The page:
Prayers that go un-answered; God’s tests. It has been several weeks since I have given much thought to prostate cancer. My wife and I first spent two wonderful weeks visiting friends and family in Maryland followed by a beautiful, 3-week trip to Norway to see most of my family. While in Norway I encountered several family members and friends who either had prostate cancer or had family members battling the disease. It reinforced the fact that Scandinavians in general have a higher incidence of prostate cancer. This may be due either to genetic factors or to a lesser degree that they get less sunlight and hence make less Vitamin D. But while we were away, I read a timely article which addressed the question “God, why am I not receiving answers to my prayers about my cancer?” My former pastor in Long Island had often encouraged me using the Old Testament story of Joseph’s life as an example. Joseph endured many hardships while remaining true to his faith and relationship with God. In many instances, God withheld knowledge from Joseph as to the purpose of his trials and their overall goals and outcomes. Joseph was in prison, wrongly accused of a crime. He was losing some of his faith. He had even pleaded with another inmate (a cupbearer) to put in a good word for him with Pharaoh that Joseph might be set free. But to no avail. Joseph was so close to God that he could interpret dreams and mysteries. But why did he seem to lose faith? The answer is that Joseph (like us at times) was being tried by God’s Word. God knew He would deliver Joseph eventually and make him a powerful man in Egypt. But Joseph’s faith had to be tested in order to mature. Like Joseph, we can read God’s word and its inherent promises but until it is tested in us it will not mature and become living. Others have been there as well. The writer of Lamentations 3:8 (possibly Jeremiah) writes “even when I cry and call for help, He shuts out my prayer.” The truth is that each of God’s promises to us will rise up to test us unless we rest in God’s overall plan and timing. I have prayed many times about my cancer and I am sure we all have done the same. Often we have not seen specific evidence of answers. This does not mean that God has not heard us and will not respond to our situations. We must stand on every promise, praying fervently in faith. Then we must wait on God, trusting Him to do what is right in His time and in His way. This waiting may be a difficult matter but through it all, God will not leave us nor forsake us. The writer of Lamentations came to this realization later in chapter 3 (verses 21-26 and 31-32) when he wrote that God’s compassions fail not, they are “new every morning, ….great is thy faithfulness.” He continues “the Lord is good unto them that wait for Him, to the soul that seeks Him.” God has a purpose for everything He allows and for every difficult trial, He gives special grace.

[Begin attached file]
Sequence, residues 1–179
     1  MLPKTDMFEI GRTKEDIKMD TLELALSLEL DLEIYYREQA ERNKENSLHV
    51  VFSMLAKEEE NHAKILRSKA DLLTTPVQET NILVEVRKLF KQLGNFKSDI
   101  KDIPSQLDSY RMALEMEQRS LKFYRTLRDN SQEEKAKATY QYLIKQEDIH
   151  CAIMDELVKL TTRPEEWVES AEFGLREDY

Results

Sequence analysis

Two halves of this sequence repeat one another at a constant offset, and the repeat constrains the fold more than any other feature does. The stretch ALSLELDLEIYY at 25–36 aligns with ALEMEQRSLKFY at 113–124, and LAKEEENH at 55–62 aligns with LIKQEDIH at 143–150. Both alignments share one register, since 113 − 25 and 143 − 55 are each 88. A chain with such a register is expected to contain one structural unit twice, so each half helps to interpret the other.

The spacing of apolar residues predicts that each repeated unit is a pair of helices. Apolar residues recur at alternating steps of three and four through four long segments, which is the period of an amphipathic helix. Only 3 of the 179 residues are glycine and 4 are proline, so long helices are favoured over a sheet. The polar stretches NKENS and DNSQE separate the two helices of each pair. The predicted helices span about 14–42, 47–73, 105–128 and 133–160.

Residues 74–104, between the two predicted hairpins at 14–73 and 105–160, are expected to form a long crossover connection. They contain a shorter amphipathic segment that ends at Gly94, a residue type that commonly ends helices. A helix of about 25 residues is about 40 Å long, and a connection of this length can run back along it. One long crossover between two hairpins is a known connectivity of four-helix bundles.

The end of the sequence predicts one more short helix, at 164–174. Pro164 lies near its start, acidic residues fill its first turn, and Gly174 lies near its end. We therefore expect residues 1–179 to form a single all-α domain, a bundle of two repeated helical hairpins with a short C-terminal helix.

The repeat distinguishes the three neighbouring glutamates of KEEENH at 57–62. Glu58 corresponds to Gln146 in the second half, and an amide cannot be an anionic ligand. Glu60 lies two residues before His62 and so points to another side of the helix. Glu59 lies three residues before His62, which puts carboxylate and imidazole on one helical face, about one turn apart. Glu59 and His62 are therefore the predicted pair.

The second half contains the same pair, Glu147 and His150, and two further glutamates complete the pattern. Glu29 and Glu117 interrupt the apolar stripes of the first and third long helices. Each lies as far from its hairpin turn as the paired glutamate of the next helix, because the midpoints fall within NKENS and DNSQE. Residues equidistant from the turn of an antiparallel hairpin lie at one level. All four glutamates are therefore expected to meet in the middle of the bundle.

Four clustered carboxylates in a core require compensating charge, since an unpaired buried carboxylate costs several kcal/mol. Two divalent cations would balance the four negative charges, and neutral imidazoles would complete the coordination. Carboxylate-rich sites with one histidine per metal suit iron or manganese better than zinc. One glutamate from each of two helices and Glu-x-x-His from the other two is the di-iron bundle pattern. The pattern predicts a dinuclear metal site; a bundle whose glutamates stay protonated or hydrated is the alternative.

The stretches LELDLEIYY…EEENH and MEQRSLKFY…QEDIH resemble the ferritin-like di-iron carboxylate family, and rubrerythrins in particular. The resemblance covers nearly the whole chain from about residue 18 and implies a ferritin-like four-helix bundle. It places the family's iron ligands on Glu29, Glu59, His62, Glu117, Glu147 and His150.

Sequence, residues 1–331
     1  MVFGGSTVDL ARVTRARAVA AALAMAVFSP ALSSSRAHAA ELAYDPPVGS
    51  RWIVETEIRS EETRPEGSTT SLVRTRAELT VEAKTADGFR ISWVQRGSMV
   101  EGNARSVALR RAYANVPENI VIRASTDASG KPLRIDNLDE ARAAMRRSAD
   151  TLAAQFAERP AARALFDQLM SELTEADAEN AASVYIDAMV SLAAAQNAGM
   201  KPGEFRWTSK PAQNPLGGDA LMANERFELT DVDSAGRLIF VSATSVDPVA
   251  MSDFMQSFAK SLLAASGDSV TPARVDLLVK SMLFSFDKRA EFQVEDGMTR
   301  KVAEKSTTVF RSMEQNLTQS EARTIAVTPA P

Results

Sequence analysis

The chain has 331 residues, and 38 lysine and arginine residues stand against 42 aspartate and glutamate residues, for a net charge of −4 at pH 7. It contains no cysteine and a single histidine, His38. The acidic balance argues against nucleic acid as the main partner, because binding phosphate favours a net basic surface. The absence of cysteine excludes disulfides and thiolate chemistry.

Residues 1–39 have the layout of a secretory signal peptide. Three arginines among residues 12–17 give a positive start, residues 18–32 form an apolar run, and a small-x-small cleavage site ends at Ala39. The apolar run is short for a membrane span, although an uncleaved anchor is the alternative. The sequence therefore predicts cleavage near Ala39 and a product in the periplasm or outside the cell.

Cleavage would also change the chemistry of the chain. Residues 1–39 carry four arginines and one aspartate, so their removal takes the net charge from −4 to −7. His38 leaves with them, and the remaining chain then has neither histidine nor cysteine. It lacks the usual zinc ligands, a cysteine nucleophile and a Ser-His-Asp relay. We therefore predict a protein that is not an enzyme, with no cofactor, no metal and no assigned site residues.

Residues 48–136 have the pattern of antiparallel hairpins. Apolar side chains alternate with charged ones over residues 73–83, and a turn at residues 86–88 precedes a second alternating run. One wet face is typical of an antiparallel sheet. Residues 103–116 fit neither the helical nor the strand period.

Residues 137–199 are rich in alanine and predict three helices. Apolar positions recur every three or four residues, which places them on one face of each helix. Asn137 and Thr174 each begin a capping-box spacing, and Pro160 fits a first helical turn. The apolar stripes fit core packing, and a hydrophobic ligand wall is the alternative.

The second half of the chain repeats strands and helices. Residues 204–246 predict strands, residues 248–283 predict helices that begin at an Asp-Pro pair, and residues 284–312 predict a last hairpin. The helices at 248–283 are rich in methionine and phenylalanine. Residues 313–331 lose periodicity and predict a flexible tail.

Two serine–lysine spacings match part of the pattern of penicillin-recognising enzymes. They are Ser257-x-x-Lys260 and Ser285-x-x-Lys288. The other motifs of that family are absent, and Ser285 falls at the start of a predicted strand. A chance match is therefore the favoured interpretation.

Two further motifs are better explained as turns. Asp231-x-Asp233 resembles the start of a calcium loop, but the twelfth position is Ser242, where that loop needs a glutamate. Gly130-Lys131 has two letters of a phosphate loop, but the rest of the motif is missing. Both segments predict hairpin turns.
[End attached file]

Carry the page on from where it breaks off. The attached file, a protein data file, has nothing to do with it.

August 23rd, 2010:

Why did God allow my hut to burn down? While we were vacationing with family in Norway, I received the following e mail which addresses the question of “why did God allow this condition to happen to me?
The only survivor of a shipwreck was washed up on a small, uninhabited island. He prayed feverishly for God to rescue him. Every day he scanned the horizon for help, but none seemed forthcoming. Exhausted, he eventually managed to build a little hut out of driftwood to protect himself from the elements, and to store his few possessions. One day, after scavenging for food, he arrived home to find his little hut in flames, with smoke rolling up to the sky. He felt the worst had happened, and everything was lost. He was stunned with disbelief, grief, and anger. He cried out, ‘God! How could you do this to me?’ Early the next day, he was awakened by the sound of a ship approaching the island! It had come to rescue him! ‘How did you know I was here?’ asked the weary man of his rescuers. ‘We saw your smoke signal,’ they replied.